MARCH 2015 IN
RICK ASTER’S WORLD
The rise of the mini-tablet computer should be a boost for urban mass transit. For workers who can focus in small bursts while going from place to place, the highly portable computer makes it possible to extend the workday from the office to the bus. Then it doesn’t matter quite so much how long the bus ride takes.
Buses, subways, trolleys, and ferries provide an energy-efficient way to get from one place to another, but often at the cost of going slower. The longer commute on the bus is a real cost if it takes time away from the rest of the day. It can make a big difference, then, if people can work on the bus.
The challenge is maintaining focus. For most of us, it is hard enough to focus in the relative quiet of the office. On the bus, the scene is one of continual change, one distraction after another that can take attention away from the work at hand. A partial solution is to break work into pieces that require strong focus for only a few minutes at a time. Fortunately, some work is already broken up this way. Consider the email inbox. Part of the work is just sifting through the messages to find the content that matters. This is a task that can be approached a minute at a time. Composing the simpler answering messages may also be broken up in this fashion.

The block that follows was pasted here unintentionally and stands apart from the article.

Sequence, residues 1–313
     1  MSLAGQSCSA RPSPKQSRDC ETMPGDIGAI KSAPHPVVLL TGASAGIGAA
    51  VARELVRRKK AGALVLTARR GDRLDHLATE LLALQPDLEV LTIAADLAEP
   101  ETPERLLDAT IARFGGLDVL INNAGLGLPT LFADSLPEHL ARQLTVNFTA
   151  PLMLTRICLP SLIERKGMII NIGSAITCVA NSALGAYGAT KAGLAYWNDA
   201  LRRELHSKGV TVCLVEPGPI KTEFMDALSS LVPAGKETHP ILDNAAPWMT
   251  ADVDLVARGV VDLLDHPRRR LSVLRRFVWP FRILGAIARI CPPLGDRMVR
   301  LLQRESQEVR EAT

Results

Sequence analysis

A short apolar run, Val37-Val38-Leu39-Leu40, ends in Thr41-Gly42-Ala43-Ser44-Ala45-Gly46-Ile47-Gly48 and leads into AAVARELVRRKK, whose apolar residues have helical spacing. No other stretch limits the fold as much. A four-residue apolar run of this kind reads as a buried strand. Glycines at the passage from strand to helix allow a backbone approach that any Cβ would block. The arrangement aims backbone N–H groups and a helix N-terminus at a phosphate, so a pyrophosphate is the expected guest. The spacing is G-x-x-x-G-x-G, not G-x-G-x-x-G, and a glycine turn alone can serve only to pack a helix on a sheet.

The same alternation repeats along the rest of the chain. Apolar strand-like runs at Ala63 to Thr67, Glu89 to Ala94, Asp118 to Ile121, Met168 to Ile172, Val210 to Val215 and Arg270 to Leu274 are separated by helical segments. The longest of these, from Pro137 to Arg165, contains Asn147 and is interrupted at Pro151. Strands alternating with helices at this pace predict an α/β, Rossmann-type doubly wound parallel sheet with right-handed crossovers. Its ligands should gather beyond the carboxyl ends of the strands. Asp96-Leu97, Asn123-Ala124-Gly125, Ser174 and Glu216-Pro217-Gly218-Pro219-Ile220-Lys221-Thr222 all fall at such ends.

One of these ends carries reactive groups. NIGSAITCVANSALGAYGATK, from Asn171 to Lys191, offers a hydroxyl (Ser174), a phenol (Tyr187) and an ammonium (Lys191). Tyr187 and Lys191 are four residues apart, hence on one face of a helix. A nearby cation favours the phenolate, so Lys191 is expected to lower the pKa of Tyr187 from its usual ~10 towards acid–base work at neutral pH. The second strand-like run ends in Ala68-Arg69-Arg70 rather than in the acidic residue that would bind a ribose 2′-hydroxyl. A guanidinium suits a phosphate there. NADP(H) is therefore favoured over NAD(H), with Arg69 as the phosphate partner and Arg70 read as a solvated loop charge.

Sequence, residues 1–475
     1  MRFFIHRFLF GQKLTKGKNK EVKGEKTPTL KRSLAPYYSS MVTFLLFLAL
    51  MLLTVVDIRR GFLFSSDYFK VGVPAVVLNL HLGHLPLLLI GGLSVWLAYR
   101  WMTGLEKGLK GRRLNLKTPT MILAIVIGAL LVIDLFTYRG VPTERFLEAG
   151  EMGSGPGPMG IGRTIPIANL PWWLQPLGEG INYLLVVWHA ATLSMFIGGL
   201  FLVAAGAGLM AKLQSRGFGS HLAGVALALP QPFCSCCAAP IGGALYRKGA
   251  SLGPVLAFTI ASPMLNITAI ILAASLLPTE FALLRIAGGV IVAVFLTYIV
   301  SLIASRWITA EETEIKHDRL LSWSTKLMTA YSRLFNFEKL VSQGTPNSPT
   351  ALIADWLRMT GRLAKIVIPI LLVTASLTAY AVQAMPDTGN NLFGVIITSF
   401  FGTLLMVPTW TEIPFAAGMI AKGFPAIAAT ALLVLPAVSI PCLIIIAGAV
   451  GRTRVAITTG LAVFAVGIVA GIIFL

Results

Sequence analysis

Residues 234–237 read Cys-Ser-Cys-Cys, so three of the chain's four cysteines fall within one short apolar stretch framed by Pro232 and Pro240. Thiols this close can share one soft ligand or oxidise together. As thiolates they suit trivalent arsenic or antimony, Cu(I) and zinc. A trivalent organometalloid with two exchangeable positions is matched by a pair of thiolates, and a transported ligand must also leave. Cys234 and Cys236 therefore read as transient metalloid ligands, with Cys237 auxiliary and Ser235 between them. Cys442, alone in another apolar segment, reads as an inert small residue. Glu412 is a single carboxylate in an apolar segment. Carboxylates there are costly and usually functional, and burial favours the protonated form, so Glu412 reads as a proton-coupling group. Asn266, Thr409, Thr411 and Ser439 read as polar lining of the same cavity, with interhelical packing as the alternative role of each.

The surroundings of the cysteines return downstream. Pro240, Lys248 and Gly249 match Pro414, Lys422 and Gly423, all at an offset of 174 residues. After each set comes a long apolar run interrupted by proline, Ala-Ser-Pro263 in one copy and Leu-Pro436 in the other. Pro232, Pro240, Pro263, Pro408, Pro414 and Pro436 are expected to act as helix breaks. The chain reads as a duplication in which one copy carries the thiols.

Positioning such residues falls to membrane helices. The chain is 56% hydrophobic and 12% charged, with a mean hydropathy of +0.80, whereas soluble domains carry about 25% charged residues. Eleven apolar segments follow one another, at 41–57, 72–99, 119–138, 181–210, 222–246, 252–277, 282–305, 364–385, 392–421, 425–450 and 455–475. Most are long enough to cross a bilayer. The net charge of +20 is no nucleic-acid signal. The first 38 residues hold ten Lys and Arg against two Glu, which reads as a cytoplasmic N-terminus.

It is not just email that divides easily into small-format tasks. For students, most homework assignments break up in similar fashion to tasks that can be attempted in five minutes or less. To be sure, not all work fits on a small screen and a small time slot, but it seems reasonable to think that you could find enough small-format work to fill up a daily bus ride or ferry ride. If a few people’s livelihood depends on learning to work on the bus, it seems a good guess that the culture will assimilate the necessary skills over time.
There are institutional obstacles to overcome too, but we may as well get used to seeing people working on the bus. The lower cost of a mass transit commute, when circumstances allow work during the commute, will be hard to ignore.
Fish Nation Information Station | Rick Aster’s World | Rick Aster